Apple and Fortnite


Epic is a video game developer which catapulted into mainstream media by developing a battle royale game Fortnite. For them, Fortnite is a money minting machine.

In 2019, the revenues generated by Fortnite was around $1.8 billion. In the game, players can buy costumes, virtual dance moves, and pre-released game modes using special in-game currency called V-Bucks. 

V-Bucks can be earned as rewards by playing the game or a player can also buy them instantly by paying actual money. If the transaction happens on a mobile phone using Android or iOS, all in-game purchases are routed through the App stores. Hence, Apple charges around 30% on all payments made to Epic Games and Fortnite.

Till August 13th 2020, Epic went on with these rules. However, after that they started offering users an alternate payment option within the game by offering a discount. Since, 30% was being charged by Apple so they were able to leverage that commission by giving discounts to users.

Things changed when Apple removed Fortnite from the App Store for violating its guidelines. As a result, Epic filed a lawsuit seeking a court order to dismantle Apple’s commission structure and offer users the choice to install software on iPhones outside the confines of the App Store.

The argument of Epic Games is that Apple has a monopoly and is using that monopoly to charge high commission thus giving no control to developers. 

However, this argument doesn’t seem solid as Apple holds a fraction of the market share in the smartphone segment. They don’t control the mobile OS segment. They don’t have a dominating market share in mobile gaming or the apps segment. 

So the correct argument should be that, though Apple doesn’t have a dominant market share in the smartphone segment, they have a near-monopoly in the “Aftermarket”   where they sell apps for iPhones. Aftermarket is when someone has already bought one product and will now buy only from that company in future.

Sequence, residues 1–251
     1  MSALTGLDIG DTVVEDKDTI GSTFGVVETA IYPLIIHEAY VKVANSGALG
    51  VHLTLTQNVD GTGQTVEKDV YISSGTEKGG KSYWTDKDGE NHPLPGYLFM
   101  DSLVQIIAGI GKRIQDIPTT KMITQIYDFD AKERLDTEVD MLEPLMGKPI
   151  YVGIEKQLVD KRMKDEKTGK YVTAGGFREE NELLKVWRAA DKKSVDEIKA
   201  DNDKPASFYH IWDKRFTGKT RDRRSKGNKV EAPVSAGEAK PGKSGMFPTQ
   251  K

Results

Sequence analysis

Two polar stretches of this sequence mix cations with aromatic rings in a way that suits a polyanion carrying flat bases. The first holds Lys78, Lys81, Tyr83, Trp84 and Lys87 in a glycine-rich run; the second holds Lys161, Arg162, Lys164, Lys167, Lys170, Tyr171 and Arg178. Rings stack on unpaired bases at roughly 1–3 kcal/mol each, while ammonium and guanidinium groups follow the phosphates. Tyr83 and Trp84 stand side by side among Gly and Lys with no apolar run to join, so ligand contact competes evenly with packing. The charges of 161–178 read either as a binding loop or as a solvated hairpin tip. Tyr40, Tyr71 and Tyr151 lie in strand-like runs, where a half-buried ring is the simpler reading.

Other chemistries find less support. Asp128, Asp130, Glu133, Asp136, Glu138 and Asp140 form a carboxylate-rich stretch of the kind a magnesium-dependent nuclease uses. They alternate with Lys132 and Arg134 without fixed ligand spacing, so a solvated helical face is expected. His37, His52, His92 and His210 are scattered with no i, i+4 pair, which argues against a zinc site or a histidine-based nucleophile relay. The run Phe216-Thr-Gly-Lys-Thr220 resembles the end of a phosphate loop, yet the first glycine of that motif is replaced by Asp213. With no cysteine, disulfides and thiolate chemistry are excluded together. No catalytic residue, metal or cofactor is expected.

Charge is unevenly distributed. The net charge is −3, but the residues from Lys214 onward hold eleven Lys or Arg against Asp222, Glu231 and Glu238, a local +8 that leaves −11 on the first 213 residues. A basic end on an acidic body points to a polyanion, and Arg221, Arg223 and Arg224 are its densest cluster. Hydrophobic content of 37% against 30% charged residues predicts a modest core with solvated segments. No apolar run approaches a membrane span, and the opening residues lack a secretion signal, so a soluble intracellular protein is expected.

However, when the case was contested, the judge didn’t see it this way. The judge saw the relevant market as mobile gaming transactions where Apple doesn’t hold a dominant market share. There are other players like Android, Microsoft etc. So the judge ruled that Apple did not violate anti-competition laws.

There was some silver lining for Epic too in this case as the judge also ruled that Apple had to offer developers the room to introduce their own payment portals. The judge said that Apple can not stop companies like Epic from providing an option in their app that customers can use to pay outside of Apple’s own in-app purchase system. 

Epic got a part of what it wanted and can offer customers the option to bypass the 30% commission which is called the “Apple Tax.” 

The only thing is that they couldn’t get the judge to allow customers the right to download apps outside of the App Store.

For now, both parties got something from the ruling. However, they didn’t seem very happy so there are high chances of appealing against the ruling. Only time will tell how things will go ahead.

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